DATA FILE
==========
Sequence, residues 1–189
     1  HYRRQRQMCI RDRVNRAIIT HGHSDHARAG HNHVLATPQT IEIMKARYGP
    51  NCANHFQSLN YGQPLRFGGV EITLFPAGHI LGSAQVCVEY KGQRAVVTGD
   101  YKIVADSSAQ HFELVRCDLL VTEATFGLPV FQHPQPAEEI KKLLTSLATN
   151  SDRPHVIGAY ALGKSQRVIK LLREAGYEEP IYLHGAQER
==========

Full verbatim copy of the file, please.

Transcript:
Sequence, residues 1–189
     1  HYRRQRQMCI RDRVNRAIIT HGHSDHARAG HNHVLATPQT IEIMKARYGP
    51  NCANHFQSLN YGQPLRFGGV EITLFPAGHI LGSAQVCVEY KGQRAVVTGD
   101  YKIVADSSAQ HFELVRCDLL VTEATFGLPV FQHPQPAEEI KKLLTSLATN
   151  SDRPHVIGAY ALGKSQRVIK LLREAGYEEP IYLHGAQER